The genetics behind cyanobacteria
The term “cyanobacteria” may be unfamiliar to most people, but chances are you’ve encountered them. These ubiquitous bacteria inhabit a wide range of environments, from ocean ecosystems to desert landscapes. They’re responsible for a majority of Earth’s carbon fixation—when organisms draw out carbon from inorganic molecules for photosynthesis—which produces oxygen as a byproduct.
Katsuhiko Murakami, Ph.D., from Pennsylvania State University, and Gene-Wei Li, Ph.D., from Massachusetts Institute of Technology, will explore the complex genetics of these microorganisms. The pair will look at transcription termination, a key step in cyanobacteria gene regulation that tells the cell when to stop converting genetic information from DNA to RNA (the molecular instructions for producing proteins). While the mechanisms behind transcription termination are well known in other organisms, the inner workings of this process in cyanobacteria are still largely unknown. Drawing on Murakami’s expertise in structural biology and Li’s knowledge of transcription regulation, the two investigators will establish a model for microbial transcriptional termination in cyanobacteria. This work could unveil new scientific approaches used to study cyanobacteria, photosynthesis-promoting plant cells, and other bacterial groups.
The pathology of inflammatory bowel disease
Our intestines are home to hundreds of bacteria species that play a key role in immune system development. But sometimes these helpful bacteria can become harmful. In the case of people with inflammatory bowel disease (IBD), a bacterium alerts the body’s disease-fighting T cells and triggers an inflammatory response characterized by abdominal pain and persistent diarrhea. IBD affects millions of people in the United States, and cases are on the rise in older adults, yet the cause of this autoimmune disorder is largely unknown.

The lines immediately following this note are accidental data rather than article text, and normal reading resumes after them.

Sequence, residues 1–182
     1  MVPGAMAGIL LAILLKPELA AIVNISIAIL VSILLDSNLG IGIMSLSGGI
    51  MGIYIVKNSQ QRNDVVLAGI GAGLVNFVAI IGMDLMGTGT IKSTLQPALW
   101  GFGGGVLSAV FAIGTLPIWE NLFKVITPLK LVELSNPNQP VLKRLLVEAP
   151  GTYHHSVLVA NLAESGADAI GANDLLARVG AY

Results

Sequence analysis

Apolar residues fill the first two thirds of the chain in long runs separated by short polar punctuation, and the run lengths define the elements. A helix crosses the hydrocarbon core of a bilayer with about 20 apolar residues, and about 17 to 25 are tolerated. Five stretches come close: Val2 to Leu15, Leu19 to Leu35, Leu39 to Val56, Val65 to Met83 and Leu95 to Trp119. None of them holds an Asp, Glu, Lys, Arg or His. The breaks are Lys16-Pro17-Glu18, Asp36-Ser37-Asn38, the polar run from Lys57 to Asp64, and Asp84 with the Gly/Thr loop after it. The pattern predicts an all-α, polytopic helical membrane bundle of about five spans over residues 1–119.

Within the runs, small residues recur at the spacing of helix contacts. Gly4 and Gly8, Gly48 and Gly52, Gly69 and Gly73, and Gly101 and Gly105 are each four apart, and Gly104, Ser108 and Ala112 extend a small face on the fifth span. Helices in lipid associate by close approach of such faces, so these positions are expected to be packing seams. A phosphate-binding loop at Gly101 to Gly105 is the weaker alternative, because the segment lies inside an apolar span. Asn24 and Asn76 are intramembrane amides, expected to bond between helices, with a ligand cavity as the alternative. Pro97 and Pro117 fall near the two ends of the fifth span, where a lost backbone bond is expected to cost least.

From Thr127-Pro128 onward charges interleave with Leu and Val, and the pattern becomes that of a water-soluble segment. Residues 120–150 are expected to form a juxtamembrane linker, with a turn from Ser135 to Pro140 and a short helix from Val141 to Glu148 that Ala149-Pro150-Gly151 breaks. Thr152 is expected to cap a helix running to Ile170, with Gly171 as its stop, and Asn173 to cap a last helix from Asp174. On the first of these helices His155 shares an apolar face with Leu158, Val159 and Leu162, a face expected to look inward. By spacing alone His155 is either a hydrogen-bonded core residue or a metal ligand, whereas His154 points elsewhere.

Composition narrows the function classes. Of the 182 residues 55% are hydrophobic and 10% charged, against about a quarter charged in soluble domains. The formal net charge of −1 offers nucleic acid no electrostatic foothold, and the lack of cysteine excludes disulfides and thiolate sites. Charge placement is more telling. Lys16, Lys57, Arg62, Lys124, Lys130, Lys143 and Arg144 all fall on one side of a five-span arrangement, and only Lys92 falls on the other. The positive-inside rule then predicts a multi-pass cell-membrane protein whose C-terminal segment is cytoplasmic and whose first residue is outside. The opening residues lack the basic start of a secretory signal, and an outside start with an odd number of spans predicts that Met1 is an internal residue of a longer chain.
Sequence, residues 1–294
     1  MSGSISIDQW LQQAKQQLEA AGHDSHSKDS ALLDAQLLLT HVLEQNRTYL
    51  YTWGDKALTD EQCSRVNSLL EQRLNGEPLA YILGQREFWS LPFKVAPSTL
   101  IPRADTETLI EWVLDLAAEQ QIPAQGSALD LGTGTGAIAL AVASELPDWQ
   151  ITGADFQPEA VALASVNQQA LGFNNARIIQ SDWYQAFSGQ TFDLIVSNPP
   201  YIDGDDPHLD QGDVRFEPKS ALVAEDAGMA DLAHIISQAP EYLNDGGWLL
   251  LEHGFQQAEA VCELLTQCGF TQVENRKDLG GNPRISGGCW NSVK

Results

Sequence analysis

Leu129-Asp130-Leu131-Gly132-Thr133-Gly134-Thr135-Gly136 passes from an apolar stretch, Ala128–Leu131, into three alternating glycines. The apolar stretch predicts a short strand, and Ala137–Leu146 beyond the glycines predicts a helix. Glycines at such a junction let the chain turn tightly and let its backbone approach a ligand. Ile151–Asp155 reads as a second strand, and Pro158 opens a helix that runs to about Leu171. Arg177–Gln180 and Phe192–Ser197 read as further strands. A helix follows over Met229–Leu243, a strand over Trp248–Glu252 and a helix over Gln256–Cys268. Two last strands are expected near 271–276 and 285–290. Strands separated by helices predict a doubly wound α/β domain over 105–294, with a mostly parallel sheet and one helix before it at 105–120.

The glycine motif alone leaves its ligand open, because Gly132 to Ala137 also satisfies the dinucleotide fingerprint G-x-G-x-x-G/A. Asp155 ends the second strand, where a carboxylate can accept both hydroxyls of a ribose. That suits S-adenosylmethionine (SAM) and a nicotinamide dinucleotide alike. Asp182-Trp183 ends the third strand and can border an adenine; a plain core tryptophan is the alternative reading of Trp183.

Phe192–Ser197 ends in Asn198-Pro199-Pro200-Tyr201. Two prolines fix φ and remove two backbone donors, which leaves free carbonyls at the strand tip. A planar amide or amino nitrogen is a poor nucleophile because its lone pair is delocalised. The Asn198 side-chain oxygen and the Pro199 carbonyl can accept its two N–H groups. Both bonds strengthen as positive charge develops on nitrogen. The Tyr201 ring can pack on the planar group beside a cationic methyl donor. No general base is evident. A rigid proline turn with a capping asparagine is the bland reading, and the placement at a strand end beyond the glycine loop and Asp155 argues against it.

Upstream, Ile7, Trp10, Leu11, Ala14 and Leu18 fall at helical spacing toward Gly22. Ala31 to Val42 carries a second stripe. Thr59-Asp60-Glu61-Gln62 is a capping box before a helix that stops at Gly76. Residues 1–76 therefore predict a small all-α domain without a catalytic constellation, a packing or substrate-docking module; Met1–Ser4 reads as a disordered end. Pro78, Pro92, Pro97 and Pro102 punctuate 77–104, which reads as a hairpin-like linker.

Dan Littman, M.D., Ph.D., from New York University’s Grossman School of Medicine, and Michael Birnbaum, Ph.D., from Massachusetts Institute of Technology, are looking for a root cause. The pair will merge Littman’s work exploring how and why specific bacteria affect T cell development with Birnbaum’s expertise in T cell receptor-antigen binding in an effort to characterize the specific microbes and antigens that drive these harmful responses in the gut. Together, their work could offer new treatment avenues for IBD, such as novel therapies targeting pathogenic microbes or T cells.
The cell components that regulate metal homeostasis
Many living organisms, including humans, rely on transition metals for good health. These key dietary nutrients, such as iron and zinc, play a critical role in cellular activities like metabolism. But sometimes, our body’s ability to properly acquire, store, and locate these metals is disrupted, which can lead to disease. Getting a clearer picture of how transition metals are processed, and what happens when this goes awry, could help scientists pinpoint new strategies to address a slew of illnesses.
Donita C. Brady, Ph.D., from University of Pennsylvania's Perelman School of Medicine, and Kivanç Birsoy, Ph.D., of The Rockefeller University, are collaborating on research to examine the specific cell components that regulate or respond to transition metals. The team will draw on Brady’s expertise in metallobiology and chemical biology, as well as Birsoy’s research in metabolism and organelle biology, to map metal-protein interactions across cell compartments. Then, the labs will categorize previously unidentified metabolic pathways that adapt to fluctuations in metal availability. Together, their work could offer new knowledge about how cells maintain the delicate balance between metal deficiency and toxicity and ward off disease.
Donna Dang is a principal associate and Kara Coleman is a former project director with The Pew Charitable Trusts’ biomedical programs.